This team of work horses was spotted along a back-country road in the northern perimeter of the Shenandoah Valley of Virginia. The weather was just perfect for my planned trip, and it was not only a bit foggy, but there was a fine snow sifting down from above. The weather conditions made it possible to drop the background down a bit and place the emphasis totally on the horses.
The fence post with its touch of wire and several weeds were included for good measure. This added another artistic touch which was purely a personal thing. Bottom line, it works, and that's what counts when it comes to creating a work of art. All of the elements should come together as one.
When I worked with black and white, I always used a twin lens medium format 120 roll film camera. The bright viewing screen was fairly large, and I was able to spot every speck of detail in the composition. That is one major advantage that medium or large format cameras had over the much smaller 35mm. You know exactly what you are looking at. And, hopefully, you will know exactly what you will end up with.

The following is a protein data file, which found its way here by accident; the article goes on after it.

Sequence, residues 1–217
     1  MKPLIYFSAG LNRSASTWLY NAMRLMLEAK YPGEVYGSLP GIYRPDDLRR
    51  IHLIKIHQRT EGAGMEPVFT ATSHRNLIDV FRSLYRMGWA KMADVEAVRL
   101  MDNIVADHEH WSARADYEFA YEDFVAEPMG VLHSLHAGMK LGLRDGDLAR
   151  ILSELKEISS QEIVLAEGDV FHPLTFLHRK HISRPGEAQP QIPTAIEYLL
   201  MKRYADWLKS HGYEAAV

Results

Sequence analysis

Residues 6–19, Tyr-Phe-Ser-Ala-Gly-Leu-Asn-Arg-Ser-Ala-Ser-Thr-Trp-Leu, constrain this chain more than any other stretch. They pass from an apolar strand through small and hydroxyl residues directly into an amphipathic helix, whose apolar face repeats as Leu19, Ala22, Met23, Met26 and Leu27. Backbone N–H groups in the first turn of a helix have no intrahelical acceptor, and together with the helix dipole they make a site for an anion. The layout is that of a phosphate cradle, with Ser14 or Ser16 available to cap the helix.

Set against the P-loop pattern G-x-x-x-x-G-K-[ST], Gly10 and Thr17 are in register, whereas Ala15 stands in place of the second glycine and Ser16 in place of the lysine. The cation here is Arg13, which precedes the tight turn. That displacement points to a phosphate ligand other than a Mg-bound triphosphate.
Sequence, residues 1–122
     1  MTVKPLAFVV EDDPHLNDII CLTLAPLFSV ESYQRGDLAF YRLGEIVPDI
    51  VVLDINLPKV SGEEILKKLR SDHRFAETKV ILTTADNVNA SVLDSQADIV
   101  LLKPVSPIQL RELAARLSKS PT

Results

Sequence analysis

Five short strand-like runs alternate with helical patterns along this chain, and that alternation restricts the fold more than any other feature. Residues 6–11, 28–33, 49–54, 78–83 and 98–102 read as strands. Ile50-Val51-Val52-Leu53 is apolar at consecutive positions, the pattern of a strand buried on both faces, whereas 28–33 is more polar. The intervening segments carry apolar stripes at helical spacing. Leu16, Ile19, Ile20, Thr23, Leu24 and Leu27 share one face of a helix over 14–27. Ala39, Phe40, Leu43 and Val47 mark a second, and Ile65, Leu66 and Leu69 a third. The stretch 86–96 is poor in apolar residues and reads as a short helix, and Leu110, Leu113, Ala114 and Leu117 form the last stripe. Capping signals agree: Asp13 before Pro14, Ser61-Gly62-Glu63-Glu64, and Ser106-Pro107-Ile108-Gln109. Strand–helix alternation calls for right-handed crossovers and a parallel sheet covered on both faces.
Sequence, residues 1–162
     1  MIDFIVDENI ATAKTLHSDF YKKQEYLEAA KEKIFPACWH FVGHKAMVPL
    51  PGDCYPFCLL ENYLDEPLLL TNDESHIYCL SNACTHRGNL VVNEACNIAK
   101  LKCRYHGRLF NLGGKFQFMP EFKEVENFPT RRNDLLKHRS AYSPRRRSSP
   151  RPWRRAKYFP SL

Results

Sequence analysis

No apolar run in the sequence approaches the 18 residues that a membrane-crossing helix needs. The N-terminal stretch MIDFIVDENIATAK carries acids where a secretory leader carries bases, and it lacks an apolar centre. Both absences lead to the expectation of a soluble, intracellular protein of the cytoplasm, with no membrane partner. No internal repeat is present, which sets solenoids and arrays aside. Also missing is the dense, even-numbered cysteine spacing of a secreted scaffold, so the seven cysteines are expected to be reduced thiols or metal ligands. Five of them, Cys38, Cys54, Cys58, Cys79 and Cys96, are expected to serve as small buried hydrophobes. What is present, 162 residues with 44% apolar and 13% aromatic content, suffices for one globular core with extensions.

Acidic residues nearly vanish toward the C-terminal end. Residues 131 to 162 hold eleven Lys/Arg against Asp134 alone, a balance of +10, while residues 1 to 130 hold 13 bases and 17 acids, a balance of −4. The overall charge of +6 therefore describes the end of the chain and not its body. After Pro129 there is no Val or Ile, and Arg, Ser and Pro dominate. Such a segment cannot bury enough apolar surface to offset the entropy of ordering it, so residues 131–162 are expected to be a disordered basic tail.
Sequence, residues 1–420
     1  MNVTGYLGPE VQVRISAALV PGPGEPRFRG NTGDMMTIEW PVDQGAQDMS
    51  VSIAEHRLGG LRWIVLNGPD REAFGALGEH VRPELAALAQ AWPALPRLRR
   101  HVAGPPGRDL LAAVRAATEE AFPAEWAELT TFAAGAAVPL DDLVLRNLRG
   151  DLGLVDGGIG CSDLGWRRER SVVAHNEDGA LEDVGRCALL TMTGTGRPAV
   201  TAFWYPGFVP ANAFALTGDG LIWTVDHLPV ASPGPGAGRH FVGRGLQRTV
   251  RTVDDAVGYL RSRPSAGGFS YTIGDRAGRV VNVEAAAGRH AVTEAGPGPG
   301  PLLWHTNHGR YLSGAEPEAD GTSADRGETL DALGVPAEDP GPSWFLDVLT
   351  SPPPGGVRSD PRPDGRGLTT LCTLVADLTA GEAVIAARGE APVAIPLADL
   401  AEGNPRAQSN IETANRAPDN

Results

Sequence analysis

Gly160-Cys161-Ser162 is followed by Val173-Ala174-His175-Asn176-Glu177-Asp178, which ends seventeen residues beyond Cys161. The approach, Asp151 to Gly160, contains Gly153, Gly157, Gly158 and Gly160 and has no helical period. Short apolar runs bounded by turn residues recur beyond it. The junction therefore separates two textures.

A few years ago, I donated my entire lab and all of my camera equipment to a nearby college. When you cross the line from about seventy on, it's time to reduce the weight of the equipment you pack on a field trip. i simply got to the point where it was no longer enjoyable to tote that forty-five pound camera pack and tripod around. It was not only that, but it was time to take off in a totally different direction, and digital was just starting to make a name for itself in the field of photography. This made my change in direction quite easy. I now carry a small camera pack along with my trusty old tripod, and the combined weight comes out well under twenty pounds. Now, I am having fun again.
This blog contains black and white images from years gone by, and there is also a healthy mix of my new digital images. I sure do miss that large view finder. This tiny little opening, which I now have to sight and focus through, can drive an older person nuts. However, the joy of being able to make good photographs outweighs the irritation of the peep hole.
This is not the first time I have used a 35mm camera. Far from it. In working for a university back east and for many of my commercial assignments, the 35mm was a primary choice. Often, I would use more than one format for a single job, and that included a four by five view camera. Still, over he years, the 2 1/4 was my overall choice for my fine art photography.
I am having fun with this blog. It is yet another major innovation which popped up along the road to new adventure. It enables me to share my work with others, and I hope you enjoy viewing this collection as much as I enjoyed creating it.
To enlarge these images, simply left click on the above illustration and you will be surprised at what pops up.